Where is the best place in the world you’ve been?
I’ve been blessed to visit some exotic places, like Athens (the stony heart of antiquity), Venice (like a fairy tale come to life—except that it sometimes stinks), and Tokyo (so like us, and yet so different!). Also the bottom of the Grand Canyon and the top of Mt. Hood. And yet I’m thrilled when the fall leaves turn or the redbuds bloom in my own home town. So what can I say? My feet are on holy ground all the time.
What is your favorite room in your home and outside environment?
My screened front porch. It’s the best of nature and civilization: sunlight, cool breezes, shelter from the rain, and no bugs.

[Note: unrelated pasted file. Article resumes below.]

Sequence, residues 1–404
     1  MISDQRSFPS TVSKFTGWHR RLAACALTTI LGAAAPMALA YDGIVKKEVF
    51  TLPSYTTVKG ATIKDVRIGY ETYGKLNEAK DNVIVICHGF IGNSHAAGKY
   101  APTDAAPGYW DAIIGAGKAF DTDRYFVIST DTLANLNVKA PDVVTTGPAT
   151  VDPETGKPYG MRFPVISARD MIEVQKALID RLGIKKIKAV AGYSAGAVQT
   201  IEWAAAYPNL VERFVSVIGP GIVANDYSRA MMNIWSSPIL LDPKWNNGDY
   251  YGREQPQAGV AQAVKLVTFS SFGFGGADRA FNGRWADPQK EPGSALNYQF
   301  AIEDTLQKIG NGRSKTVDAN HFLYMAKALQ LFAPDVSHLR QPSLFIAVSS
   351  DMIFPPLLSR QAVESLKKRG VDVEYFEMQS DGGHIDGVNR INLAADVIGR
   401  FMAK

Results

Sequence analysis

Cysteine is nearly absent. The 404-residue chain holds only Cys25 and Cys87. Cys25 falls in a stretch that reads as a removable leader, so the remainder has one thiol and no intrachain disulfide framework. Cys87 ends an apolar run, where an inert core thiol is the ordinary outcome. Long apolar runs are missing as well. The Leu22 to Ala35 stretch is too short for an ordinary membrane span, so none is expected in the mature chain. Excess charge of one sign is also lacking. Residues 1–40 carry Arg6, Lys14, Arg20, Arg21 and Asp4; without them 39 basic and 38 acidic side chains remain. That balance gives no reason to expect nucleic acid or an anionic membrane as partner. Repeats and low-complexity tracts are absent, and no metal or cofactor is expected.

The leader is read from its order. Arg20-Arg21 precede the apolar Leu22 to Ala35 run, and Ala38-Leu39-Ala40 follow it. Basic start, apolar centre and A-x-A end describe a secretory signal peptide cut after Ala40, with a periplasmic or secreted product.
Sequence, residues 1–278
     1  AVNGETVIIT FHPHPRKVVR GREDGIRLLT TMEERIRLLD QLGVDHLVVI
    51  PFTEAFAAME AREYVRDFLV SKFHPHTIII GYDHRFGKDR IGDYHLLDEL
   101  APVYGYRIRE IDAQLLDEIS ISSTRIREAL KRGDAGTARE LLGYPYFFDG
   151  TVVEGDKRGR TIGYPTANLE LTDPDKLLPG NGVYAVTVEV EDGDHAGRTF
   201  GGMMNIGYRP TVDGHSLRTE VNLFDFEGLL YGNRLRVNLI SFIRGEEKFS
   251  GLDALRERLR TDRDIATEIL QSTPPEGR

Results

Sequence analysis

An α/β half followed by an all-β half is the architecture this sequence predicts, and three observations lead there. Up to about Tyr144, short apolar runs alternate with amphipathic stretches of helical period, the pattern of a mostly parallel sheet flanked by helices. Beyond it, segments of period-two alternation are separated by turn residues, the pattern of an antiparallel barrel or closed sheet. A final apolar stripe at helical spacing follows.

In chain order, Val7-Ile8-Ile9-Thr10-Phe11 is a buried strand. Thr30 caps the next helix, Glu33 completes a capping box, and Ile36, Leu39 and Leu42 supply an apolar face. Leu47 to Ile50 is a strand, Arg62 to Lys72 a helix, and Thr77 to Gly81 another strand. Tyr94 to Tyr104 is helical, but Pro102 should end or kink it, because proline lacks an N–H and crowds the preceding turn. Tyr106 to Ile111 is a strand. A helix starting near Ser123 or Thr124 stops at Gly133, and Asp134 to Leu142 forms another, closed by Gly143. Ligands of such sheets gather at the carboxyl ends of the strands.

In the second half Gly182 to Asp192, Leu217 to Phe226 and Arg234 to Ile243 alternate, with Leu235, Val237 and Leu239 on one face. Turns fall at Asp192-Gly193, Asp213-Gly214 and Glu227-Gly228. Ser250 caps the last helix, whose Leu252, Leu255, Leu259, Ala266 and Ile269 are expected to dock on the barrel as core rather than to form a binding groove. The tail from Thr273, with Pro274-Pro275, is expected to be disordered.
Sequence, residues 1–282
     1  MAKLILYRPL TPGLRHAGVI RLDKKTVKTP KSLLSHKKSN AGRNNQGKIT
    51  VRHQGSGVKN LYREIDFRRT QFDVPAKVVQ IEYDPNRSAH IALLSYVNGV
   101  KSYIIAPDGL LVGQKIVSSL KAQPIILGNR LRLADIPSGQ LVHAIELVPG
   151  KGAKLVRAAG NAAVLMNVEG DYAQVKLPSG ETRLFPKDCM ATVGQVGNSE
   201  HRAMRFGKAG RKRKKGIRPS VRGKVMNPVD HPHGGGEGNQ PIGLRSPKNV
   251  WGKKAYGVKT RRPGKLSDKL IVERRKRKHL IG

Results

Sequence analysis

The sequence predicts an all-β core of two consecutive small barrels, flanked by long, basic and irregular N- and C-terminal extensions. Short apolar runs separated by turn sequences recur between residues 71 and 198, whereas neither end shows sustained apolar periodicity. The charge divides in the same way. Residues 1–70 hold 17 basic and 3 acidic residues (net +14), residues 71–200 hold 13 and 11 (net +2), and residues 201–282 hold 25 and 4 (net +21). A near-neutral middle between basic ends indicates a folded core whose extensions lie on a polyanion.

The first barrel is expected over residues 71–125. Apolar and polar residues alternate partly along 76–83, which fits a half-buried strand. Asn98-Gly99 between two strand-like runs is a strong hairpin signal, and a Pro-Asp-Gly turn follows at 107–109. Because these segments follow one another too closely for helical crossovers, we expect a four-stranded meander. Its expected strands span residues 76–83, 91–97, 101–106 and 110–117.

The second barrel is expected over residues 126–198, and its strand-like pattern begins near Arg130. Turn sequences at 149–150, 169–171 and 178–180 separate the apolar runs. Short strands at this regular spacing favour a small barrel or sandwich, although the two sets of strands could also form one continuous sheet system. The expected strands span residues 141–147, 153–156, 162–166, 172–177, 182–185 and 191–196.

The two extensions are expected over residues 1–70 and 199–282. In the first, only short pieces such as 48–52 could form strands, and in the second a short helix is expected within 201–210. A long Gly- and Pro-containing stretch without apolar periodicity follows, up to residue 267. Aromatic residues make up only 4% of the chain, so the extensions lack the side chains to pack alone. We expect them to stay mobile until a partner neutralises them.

When was the last time you told someone you loved them?
When I signed off a phone conversation with my son a few days ago. Those swift “love-ya’s” are like a kiss on the cheek.
When was the last time you cried?
I choke up a lot—movie makers know just how to pull my strings. But in “real life,” the last time I cried was a happy occasion, and I’ll leave it at that.
Each of the nine students on Mrs. B's school bus holds a clue to the mystery of the empty bus stop. Spencer's the smart kid. Shellly's the diva. Matthew's just average (so far). In fact, there's nothing about any of the nine middle-schoolers on Mrs. B's bus route that screams "fame," but before the end of the school year, somebody on this bus is going to be famous.
Part detective story, part tale of self-discovery, this funny and touching novel told from nine very different points of view is destined to be a modern classic.
You can purchase Somebody on This Bus Is Going to Be Famous! at the following Retailers: